I have been an awful blogger this past year.
We moved and had our fourth child so life has been a tad busy.
Fortunately, the bees were busy as well. We still have many hives in New Brighton even though it is not the city we reside in any longer.
We moved to Andover – only about 20 minutes north of New Brighton. This is where we will be opening the family honey stand. The address is:
3401 153rd Ave. NW – Andover, MN 55304
Please come out and get some of the worlds finest honey. Bring the family and hang out for a while. It should be a nice day and we have plenty of space to play. No purchase necessary :)
We will be open around 10am, but you are welcome anytime. Hope to see you soon.
If you can’t make it and want honey just let me know. We have enough this season to supply you throughout the whole next year. Honey is $6.50/lb and cheaper if you buy bulk (I determine this based on the co-ops bulk prices which are $7.59/lb and a lower grade then ours). Ours is Raw and full of the pollen your body needs. We do not process it and it comes from real bees!
Thanks for supporting my family and the bees.
We will have the honey stand open tomorrow!!
This years batch is awesome.
Some things we do special that you won’t find with other honey.
Ours is Raw – which means it is not heated(pasteurized). Heating it can kill the good bacteria that exists in the honey and effect it in unwanted ways.
Our honey is not filtered. Filtering is a way of processing it – we don’t do this. We screen the honey to a 400 micron level. This lets more pollen through into the finished product. Pollen is what helps you build resistance to allergens that drive your nose crazy. The more local the honey is – provided it has pollen – the better. If you are eating honey from flowers you were breathing in this is ideal for helping allergies.
Our honey is all honey. Many honey packers cut the honey with syrups to cut cost. Our is 100% pure.
Our honey is produced by bees that are cared for. We are very concerned with the bees health – not just the honey!!
Our honey is hand spun by the family – kids and all!!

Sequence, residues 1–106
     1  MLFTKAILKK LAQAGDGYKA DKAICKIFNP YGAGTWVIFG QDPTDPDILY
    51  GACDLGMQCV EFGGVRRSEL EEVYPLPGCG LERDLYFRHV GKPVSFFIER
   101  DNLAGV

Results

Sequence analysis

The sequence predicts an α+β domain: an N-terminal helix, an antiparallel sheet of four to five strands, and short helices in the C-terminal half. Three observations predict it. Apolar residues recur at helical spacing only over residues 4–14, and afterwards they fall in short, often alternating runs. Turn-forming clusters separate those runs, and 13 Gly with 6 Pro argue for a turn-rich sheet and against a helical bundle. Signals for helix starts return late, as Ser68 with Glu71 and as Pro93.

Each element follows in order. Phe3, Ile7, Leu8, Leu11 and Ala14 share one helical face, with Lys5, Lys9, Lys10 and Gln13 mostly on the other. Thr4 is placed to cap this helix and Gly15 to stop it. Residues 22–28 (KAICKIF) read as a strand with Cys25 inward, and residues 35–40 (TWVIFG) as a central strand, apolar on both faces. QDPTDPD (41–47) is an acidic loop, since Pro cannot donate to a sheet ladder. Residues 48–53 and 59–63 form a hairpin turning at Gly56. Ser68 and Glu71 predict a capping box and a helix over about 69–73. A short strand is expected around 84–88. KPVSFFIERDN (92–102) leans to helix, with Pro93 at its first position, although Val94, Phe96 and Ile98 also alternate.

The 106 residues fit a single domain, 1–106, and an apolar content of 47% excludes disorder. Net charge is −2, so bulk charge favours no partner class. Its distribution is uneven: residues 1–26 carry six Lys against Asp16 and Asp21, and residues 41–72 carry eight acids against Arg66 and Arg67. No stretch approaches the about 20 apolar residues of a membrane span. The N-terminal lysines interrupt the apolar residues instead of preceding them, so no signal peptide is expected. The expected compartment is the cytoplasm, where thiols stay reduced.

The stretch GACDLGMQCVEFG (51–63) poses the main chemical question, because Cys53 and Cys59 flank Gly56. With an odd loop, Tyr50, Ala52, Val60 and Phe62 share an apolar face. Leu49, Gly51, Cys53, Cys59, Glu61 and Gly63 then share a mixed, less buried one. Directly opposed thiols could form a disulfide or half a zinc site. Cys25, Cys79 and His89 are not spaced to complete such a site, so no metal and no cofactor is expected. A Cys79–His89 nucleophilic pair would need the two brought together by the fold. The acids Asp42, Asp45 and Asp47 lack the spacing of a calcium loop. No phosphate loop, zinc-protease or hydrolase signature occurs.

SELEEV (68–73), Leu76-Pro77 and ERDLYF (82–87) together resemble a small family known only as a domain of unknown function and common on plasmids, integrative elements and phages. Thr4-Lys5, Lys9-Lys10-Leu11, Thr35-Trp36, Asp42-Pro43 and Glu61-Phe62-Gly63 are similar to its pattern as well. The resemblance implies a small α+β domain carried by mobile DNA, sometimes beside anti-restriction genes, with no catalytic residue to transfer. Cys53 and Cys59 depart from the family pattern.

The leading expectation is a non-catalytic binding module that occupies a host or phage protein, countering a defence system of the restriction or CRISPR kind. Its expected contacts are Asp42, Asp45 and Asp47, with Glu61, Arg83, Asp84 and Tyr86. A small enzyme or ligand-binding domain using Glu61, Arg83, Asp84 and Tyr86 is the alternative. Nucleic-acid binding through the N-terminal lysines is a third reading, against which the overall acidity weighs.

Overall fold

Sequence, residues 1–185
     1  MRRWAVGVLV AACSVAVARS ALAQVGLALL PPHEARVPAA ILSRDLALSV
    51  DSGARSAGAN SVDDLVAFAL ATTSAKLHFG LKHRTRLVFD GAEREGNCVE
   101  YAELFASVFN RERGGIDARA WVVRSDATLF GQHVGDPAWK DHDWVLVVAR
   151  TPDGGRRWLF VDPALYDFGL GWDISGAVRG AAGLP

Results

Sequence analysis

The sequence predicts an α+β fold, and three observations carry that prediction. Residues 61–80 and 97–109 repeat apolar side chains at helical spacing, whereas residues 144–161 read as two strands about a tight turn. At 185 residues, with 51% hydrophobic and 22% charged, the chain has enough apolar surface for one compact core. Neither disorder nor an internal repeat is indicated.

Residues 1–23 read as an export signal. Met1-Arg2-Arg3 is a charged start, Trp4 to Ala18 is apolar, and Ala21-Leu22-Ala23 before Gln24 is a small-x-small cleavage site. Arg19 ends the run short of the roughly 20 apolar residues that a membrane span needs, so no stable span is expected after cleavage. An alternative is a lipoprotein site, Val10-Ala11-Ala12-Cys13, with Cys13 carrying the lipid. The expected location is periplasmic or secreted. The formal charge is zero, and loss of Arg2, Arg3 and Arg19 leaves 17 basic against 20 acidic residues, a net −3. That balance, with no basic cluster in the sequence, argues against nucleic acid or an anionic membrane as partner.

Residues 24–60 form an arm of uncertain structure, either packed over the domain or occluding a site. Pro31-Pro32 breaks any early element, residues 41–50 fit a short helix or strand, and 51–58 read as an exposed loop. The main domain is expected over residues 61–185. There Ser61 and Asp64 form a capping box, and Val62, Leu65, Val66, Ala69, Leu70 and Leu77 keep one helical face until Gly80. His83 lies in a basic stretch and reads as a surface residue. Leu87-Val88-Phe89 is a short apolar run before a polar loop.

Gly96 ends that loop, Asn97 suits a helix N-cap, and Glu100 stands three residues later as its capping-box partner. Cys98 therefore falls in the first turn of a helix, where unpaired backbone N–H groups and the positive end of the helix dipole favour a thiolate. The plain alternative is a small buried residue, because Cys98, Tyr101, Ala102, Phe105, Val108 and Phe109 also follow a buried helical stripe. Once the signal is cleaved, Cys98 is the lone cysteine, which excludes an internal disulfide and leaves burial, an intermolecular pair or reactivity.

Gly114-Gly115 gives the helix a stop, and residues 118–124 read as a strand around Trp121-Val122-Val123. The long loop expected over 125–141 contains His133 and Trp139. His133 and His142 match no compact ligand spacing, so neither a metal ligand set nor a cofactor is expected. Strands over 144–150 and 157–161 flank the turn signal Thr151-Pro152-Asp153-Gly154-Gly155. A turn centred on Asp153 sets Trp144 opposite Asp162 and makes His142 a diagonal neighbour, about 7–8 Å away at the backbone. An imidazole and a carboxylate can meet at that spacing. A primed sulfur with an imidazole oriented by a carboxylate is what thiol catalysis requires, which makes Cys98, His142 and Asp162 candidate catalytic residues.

Honey is $7 a pound. I base this off of pricing of honey at co-ops – where bulk honey is $7.49/lb.
We will have a variety of sizes available. Thanks
Sorry if any of you follow my blog. I have been absent in writing for some time.
Beekeeping in the Krosch family is evolving at a very fast pace! The girls are now helping manage their own colonies of bees.
Noelle – 5 years old!
Ruby – 3 years old!
These have to be some of the youngest beekeepers in the business! The pictures don’t show it, but they both look like MC Hammer in beesuits – the crotch hangs low enough to almost make them trip, but not quite. They were the smallest I could buy! The girls have their hives right by Long Lake – in New Brighton. A fabulous location provided by the Ridge family that gives the bees access to a ton of forage in Long Lake Regional Park. I have also been working hard to build our own bee boxes from scratch and allowing the girls to paint their own boxes.
They have some really awesome colors and designs that are sure to provide the bees an attractive home to put their honey!!
The finished product
We have quite the operation going this year – 12 colonies – which are all hoping for some hot weather. I will be posting more soon so stay tuned. Thanks for looking and supporting our family business. The Krosch family and the bees appreciate you.